WICHITA FALLS (KFDX/KJTL) — A local business that’s bloomed for more than 70 years is now wilting under the effects of COVID-19, after being forced close in-house operations.
“I don’t know that we can recover from losing an entire spring,” Smith’s Gardentown Owner Katherine Smith said.
The pressure is on for Smith, after the Wichita Falls City Council passed a shelter-in-place ordinance last Friday, closing all non-essential businesses, including nurseries.
“One thing we have to take into consideration is all of these plants that are ready for spring sales, many of them are in small pots, they will not be ready in July,” Smith said. “We will not be able to sell them then. If we don’t sell them now, they are goners. All of the rest of our inventory is perishable.”
Texas Representative James Frank hopes the city can find more ways to help all businesses that are closed due to COVID-19.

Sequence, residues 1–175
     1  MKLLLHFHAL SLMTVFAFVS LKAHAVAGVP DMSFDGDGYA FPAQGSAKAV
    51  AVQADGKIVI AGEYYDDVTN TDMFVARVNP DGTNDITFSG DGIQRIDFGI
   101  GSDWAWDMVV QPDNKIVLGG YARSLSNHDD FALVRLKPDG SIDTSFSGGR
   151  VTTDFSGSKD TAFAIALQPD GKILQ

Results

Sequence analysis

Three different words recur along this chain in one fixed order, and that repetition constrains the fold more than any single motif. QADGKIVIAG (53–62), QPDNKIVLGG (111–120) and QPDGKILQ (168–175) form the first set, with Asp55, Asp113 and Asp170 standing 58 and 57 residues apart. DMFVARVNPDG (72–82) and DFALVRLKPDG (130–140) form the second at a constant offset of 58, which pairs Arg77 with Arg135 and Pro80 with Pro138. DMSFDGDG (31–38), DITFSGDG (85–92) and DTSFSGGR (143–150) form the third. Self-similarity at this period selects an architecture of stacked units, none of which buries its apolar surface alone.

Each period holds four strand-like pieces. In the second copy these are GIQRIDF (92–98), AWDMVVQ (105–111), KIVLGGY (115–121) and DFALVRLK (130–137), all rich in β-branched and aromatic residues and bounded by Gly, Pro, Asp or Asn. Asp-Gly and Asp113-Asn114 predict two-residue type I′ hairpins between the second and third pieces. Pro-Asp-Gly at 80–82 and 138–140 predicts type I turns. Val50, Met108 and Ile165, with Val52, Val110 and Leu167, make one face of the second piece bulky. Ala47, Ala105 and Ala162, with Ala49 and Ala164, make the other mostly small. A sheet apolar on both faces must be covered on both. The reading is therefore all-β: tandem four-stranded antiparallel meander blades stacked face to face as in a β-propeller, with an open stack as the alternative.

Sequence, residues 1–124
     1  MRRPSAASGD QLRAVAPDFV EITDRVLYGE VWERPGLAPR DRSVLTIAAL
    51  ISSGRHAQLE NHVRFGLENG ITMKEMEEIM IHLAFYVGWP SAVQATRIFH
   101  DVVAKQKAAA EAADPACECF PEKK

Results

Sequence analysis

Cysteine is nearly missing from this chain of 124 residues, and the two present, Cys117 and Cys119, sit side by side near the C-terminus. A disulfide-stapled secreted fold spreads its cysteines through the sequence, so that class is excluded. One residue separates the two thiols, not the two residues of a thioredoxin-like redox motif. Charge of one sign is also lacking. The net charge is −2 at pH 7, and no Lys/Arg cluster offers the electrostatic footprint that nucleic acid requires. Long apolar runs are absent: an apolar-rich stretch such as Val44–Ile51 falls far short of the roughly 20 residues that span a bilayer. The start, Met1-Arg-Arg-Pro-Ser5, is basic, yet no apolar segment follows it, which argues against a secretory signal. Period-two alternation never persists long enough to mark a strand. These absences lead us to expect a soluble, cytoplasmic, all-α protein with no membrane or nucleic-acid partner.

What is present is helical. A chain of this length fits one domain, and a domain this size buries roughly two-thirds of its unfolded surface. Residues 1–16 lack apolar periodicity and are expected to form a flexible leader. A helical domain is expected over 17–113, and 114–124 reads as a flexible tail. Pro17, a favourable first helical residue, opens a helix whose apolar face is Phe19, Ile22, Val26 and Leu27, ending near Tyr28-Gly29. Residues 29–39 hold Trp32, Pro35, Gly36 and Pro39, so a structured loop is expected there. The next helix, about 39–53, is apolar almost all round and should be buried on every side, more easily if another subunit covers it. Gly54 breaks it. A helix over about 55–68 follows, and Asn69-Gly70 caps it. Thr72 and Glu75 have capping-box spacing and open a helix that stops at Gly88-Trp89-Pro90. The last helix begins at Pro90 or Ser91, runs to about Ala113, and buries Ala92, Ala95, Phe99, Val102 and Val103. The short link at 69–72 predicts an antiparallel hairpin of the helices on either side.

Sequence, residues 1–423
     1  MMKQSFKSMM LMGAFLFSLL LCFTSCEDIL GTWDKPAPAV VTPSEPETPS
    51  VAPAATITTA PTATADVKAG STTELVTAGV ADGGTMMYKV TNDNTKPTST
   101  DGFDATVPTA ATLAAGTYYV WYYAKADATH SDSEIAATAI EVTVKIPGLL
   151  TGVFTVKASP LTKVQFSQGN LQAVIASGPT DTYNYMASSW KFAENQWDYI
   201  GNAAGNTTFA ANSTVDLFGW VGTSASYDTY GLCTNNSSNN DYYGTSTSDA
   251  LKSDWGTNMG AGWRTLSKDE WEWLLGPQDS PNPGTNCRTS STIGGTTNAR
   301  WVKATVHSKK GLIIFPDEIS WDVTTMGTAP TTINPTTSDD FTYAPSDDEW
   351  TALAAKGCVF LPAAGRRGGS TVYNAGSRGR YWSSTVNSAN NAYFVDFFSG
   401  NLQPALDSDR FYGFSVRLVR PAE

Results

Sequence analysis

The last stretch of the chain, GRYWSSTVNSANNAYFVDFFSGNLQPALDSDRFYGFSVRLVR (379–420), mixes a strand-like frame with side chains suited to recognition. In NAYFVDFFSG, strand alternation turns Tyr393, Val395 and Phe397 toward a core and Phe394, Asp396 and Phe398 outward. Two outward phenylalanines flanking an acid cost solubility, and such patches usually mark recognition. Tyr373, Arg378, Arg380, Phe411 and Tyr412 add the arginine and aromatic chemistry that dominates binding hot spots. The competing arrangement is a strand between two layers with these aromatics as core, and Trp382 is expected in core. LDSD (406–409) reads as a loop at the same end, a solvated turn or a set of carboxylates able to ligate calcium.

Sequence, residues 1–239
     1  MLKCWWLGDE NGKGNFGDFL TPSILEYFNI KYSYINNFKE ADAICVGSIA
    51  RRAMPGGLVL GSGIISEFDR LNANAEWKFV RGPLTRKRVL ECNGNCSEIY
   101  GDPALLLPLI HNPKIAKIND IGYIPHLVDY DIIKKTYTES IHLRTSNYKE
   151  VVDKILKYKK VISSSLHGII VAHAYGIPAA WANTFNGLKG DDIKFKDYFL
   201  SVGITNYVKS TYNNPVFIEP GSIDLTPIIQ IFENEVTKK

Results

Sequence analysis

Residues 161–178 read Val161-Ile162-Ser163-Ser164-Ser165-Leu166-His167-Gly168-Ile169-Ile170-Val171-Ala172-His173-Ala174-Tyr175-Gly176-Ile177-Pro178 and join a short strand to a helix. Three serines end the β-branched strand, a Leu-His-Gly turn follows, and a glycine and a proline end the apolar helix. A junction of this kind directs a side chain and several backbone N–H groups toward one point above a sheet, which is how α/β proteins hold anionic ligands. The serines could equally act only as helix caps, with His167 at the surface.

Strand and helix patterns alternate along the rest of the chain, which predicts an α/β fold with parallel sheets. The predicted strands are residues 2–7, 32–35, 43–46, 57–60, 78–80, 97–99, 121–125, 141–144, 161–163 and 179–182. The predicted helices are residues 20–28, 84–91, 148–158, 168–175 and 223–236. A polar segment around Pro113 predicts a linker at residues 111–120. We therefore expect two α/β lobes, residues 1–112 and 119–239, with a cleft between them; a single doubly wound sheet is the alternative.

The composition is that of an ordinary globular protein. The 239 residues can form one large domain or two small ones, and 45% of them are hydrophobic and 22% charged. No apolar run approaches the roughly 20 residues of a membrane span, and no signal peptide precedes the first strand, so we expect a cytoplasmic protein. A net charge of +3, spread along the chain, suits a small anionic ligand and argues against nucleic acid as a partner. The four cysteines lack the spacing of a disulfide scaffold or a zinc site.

“I would like us to find ways that business can stay in business as long as they are not creating a health risk,” Frank said. “So, I think we ought to try very hard, I know the city council is looking at it and I think they need to continue look at ways that we can allow businesses to stay in business, really more important than the business but the employees to stay employed.”
For now, Smith said they have to make do with the cards they’ve been dealt.
“Right now we are able to deliveries only,” Smith said. “So, we are trying to take orders over the phone. We are having to put pretty high minimum on an order to be able to deliver it. So, that cuts out a lot of people.”
Although Smith doesn’t know what the future holds, she hopes for the sake of her business a solution will grow from this disaster.
The city council Tuesday allowed for delivery of items you would find at a nursery. But Smith said at a glance, they are going to be selling 10% of what they usually sell and spending about 50% more in labor to sell the 10% of their normal sales.